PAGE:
Author: Anna-Marie McLemore
Each year the Palomas and Corbeaus clash in the town of Almendro. As touring troupes, each family puts on a unique show. The Palomas captivate their audiences with underwater performances as otherworldly mermaids while the Corbeaus use their tightroping skills to impress the crowd as tree-leaping fairies. Lace Paloma dreams of being in the forefront of her family’s traveling show, but when she is caught in the aftermath of a local accident, all her plans are derailed. Making matters worse is the mark her rescuer, Cluck Corbeau, leaves on her arm, a feather imprint marking her as cursed. Forsaken by her family for carrying the mark of the Corbeaus, Lace reaches out to Cluck in hopes that he can purge her of the scar. Instead, Lace discovers that both families have been caught in a rivalry built on terrible secrets.
“They all wore tails bright as tissue paper flowers. Butter yellow. Aqua and teal. The orange of cherry brandy roses. The flick of their fins looked like hard candy skipping across the lake.”
Anna-Marie McLemore’s The Weight of Feathers is the kind of book you can lose yourself in. Its beautiful imagery immediate sets the stage for the reader to fall in love with the magic of the Palomas and Corbeaus. But unlike the audience in one of these families’ shows, the novel gives readers a look behind the scenes. Despite the undeniable beauty the Palomas and Corbeaus offer the world, the family dynamics within each are complicated, messy, and often destructive. Lace’s family is led by her abuela: her grandmother is harsh in her judgments and unyielding when it comes to how she sees the world. Just as stubborn is Cluck’s mother, Nicole Corbeau, whose words are law among the Corbeaus, and whose approval is stringently given. For all their history, the Palomas and the Corbeaus know very little about each other’s family. Their inability to let go of their hatred and the superstitions they hold against one another have done more harm than the tragedy that began their conflict.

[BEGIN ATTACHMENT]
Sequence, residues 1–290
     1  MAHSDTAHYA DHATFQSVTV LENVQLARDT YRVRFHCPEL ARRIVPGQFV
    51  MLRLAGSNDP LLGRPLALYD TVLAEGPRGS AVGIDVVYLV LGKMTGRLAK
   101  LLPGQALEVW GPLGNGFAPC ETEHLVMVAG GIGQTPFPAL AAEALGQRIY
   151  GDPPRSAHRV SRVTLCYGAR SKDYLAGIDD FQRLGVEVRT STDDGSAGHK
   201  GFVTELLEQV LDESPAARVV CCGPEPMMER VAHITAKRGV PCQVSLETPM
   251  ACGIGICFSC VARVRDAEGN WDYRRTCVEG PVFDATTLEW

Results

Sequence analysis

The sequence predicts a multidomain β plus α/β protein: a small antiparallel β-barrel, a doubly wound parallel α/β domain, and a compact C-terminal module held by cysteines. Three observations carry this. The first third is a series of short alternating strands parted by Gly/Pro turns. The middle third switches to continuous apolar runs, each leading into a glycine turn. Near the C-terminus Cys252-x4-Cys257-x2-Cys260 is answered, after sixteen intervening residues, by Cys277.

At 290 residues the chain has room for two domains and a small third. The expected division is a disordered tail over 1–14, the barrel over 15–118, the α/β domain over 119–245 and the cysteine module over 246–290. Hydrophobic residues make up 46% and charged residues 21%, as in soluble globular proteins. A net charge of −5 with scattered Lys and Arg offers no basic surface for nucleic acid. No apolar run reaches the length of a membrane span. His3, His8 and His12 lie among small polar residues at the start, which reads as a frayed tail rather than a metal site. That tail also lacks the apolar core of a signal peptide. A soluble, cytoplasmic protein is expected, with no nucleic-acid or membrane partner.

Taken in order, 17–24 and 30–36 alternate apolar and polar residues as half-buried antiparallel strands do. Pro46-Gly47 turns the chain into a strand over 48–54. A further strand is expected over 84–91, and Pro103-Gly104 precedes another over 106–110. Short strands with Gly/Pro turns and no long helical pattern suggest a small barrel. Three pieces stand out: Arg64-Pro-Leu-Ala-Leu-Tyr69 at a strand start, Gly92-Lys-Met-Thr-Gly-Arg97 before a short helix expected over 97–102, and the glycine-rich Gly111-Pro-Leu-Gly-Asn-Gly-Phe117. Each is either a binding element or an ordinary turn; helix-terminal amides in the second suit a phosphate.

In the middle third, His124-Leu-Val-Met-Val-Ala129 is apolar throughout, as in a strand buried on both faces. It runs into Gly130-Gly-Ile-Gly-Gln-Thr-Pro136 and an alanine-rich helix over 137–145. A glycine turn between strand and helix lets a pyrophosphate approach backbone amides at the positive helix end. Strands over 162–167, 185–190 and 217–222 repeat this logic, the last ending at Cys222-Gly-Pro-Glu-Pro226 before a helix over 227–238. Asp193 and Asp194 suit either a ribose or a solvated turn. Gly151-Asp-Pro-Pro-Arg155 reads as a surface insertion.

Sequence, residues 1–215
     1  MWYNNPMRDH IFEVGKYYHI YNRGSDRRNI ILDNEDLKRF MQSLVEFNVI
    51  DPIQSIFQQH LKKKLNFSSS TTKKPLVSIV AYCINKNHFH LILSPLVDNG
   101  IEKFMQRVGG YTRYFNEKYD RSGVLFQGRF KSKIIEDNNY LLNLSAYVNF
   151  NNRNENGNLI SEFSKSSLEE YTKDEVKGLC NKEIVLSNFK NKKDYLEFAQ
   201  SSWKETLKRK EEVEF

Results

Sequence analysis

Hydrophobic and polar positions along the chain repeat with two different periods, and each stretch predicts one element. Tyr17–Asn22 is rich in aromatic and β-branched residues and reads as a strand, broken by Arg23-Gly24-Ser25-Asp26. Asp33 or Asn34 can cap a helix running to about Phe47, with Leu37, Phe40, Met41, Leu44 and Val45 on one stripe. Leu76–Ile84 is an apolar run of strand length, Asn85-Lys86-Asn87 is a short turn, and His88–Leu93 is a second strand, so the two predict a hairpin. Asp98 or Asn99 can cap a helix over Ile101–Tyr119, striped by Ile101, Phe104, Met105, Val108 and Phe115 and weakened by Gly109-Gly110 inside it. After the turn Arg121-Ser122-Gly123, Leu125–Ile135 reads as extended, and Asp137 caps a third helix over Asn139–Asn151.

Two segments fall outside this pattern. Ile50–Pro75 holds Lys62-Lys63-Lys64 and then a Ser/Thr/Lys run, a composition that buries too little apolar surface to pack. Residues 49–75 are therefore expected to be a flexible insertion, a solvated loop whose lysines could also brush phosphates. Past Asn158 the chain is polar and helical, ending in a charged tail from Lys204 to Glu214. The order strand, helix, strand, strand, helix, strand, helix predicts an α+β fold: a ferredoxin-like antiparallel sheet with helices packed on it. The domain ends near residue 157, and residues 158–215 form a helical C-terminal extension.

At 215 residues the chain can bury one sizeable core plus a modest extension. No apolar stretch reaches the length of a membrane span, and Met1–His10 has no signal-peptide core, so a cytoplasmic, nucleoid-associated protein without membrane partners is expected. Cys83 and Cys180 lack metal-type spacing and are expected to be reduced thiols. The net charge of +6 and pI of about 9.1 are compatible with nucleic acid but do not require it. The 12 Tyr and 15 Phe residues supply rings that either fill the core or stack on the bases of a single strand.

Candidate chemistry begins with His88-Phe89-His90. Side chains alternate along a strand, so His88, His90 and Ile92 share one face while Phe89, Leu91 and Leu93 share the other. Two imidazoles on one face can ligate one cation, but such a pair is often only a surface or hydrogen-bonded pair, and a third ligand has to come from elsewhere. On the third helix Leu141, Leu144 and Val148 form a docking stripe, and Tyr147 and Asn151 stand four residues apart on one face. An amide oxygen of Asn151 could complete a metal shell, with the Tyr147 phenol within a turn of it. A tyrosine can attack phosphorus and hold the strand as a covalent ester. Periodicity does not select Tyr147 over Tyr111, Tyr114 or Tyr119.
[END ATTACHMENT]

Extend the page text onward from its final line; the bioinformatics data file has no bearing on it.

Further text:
Lace and Cluck come from two different worlds, one grew up in the water while the other spent his childhood reaching for the sky. Neither sees the cage their own family has built around them. Lace has only ever dreamed of being a part of the sirenas, never realizing she has other options, that the world has something else to offer her. Cluck has spent his whole life as an outsider, the lesser of his mother’s two sons. He’s dreamt of leaving his family, of finding someplace permanent for him and his grandfather, but without action, his plans remain a dream. Rejected by their families in different ways, Lace and Cluck find the kind of acceptance neither of their family’s were able to offer them in each other.
The Weight of Feathers is beautifully written, exploring themes of love and acceptance, with sympathetic characters trying to overcome the mistakes of their families.